TSMC says plans to spend $100B on chip fabrication expansion over next 3 years
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Amid a global computer chip supply drought, industry heavyweight and Apple partner TSMC on Thursday announced plans to invest heavily in expanding output capacity as rivals like Intel seek a larger piece of the pie.
TSMC said it plans to pump $100 billion over the next three years into an expansion of its chip fabrication capacity, with money earmarked for manufacturing and research and development of advanced semiconductor technologies, reports Bloomberg.
As the world's largest contract manufacturer of chips, TSMC produces silicon for customers like Apple, Nvidia, Qualcomm and more. Chips from the Taiwan company's foundries end up in a variety of products, from smartphones to refrigerators and cars.
"We are entering a period of higher growth as the multiyear megatrends of 5G and high-performance computing are expected to fuel strong demand for our semiconductor technologies in the next several years," TSMC said in a statement to Reuters. "In addition, the COVID-19 pandemic also accelerates digitalization in every aspect."
The chipmaker is seeing unprecedented demand during a global chip shortage that has impacted multiple industries, with some companies forced to halt production lines due to restricted supplies.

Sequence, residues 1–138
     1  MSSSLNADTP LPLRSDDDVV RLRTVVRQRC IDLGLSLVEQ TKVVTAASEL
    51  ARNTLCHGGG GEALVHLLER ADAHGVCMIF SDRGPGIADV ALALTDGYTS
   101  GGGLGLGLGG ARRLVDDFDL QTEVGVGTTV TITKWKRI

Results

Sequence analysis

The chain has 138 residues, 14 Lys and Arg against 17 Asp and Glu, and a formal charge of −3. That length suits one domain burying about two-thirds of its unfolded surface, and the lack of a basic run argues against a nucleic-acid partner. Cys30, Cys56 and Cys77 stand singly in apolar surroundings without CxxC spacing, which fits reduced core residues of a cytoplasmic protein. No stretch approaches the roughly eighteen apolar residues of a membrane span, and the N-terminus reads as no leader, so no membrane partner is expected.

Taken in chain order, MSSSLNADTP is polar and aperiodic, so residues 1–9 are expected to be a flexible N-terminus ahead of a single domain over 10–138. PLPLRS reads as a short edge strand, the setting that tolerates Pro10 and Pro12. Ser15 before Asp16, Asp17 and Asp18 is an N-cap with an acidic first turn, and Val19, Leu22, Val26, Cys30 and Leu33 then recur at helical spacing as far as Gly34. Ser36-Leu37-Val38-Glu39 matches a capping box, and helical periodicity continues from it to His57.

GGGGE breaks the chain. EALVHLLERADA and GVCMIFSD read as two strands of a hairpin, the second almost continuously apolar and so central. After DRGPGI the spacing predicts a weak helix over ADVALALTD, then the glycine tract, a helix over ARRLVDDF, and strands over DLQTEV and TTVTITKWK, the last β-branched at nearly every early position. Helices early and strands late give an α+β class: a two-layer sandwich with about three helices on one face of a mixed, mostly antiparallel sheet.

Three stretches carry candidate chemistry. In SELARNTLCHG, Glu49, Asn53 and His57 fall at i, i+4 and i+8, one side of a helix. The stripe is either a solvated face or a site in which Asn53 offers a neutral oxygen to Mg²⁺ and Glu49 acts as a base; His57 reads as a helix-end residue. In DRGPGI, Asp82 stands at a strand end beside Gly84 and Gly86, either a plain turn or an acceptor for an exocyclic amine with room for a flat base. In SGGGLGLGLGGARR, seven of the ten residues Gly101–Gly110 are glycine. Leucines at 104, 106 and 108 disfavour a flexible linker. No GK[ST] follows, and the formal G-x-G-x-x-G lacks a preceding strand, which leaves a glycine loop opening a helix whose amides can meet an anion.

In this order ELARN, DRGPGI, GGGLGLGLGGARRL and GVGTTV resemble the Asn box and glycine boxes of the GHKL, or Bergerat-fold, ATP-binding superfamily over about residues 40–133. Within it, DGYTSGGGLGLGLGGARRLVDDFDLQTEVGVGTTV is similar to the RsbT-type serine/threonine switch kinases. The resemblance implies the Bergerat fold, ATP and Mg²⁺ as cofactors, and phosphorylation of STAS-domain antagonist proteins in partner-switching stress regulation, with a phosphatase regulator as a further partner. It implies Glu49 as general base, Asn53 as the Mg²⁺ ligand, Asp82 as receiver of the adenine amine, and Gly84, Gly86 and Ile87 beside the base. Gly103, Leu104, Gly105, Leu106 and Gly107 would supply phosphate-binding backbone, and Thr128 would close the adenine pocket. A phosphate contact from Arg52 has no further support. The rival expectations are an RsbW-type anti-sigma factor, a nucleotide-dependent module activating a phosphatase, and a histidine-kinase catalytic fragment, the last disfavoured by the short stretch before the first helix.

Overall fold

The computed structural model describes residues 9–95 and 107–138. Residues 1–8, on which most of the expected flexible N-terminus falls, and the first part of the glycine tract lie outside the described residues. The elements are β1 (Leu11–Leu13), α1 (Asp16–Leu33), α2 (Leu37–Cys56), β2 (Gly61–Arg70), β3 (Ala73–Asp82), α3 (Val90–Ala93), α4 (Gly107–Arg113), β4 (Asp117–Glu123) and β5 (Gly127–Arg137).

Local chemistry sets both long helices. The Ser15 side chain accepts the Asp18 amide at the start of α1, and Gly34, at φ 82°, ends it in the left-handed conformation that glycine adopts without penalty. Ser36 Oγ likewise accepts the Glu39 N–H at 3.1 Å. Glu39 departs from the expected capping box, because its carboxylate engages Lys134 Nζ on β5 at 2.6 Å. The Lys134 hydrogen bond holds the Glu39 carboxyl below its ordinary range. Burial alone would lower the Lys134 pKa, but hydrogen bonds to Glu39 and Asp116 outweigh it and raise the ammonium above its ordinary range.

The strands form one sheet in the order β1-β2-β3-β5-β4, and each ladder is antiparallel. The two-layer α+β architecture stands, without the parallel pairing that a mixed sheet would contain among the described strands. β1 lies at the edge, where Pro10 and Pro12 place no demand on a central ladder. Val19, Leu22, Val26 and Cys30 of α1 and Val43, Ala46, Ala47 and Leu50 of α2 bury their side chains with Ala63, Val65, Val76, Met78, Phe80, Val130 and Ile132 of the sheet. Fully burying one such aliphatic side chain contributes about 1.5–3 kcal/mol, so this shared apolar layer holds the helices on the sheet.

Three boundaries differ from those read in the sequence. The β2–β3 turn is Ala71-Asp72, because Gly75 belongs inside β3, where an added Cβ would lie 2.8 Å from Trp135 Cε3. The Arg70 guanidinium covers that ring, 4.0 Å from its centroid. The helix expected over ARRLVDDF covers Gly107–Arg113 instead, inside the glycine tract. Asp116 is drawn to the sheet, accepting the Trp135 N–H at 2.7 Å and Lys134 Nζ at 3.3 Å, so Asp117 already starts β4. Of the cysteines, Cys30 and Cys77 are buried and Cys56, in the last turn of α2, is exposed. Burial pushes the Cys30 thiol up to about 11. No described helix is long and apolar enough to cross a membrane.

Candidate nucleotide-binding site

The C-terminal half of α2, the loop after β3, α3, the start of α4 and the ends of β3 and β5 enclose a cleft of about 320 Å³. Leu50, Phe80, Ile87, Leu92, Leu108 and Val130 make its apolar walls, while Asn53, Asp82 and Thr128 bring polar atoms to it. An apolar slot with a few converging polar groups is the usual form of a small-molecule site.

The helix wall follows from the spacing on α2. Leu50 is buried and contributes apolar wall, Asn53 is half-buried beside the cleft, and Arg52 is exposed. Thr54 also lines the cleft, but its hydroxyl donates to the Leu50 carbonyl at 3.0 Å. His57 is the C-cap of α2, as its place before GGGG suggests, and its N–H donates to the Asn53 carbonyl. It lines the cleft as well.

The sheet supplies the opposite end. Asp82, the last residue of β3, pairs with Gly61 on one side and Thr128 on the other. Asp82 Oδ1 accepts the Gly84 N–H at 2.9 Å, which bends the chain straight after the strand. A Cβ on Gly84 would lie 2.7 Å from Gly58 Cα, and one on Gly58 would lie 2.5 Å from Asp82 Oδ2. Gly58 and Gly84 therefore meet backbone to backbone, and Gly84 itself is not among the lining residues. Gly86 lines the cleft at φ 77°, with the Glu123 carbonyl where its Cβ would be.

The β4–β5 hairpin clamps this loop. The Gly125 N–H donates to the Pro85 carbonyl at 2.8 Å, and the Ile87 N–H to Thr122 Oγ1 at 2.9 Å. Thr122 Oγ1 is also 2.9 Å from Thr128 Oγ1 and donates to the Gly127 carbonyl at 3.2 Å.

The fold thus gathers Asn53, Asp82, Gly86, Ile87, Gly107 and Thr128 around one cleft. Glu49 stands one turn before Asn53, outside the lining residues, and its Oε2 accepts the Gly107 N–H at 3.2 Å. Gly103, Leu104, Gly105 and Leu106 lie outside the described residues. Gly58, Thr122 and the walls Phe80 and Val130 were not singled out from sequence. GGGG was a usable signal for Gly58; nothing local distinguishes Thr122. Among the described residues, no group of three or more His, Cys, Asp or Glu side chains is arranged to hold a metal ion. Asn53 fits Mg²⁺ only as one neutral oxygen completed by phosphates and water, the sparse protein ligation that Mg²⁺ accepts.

TSMC CEO C.C. Wei in a letter to customers said demand continues to outstrip supply despite having run its production facilities "at over 100% utilization over the past 12 months," reports Bloomberg. The company is hiring thousands of employees and building new plants to cope with the worldwide surge. As a result of the current climate, TSMC will suspend wafer price reductions for a year starting in 2022, the report said.
In January, TSMC announced a capital expenditure of $28 billion for 2021, a record amount that will go toward forwarding advanced technologies and building facilities like a new plant in Arizona.
TSMC produces Apple's A- and M-series chips, a lucrative business that others want to tap. Intel, for example, in March announced a $20 billion investment in a pair of Arizona chip foundries that will produce both x86 and ARM silicon. The chipmaker is looking to gain Apple's business.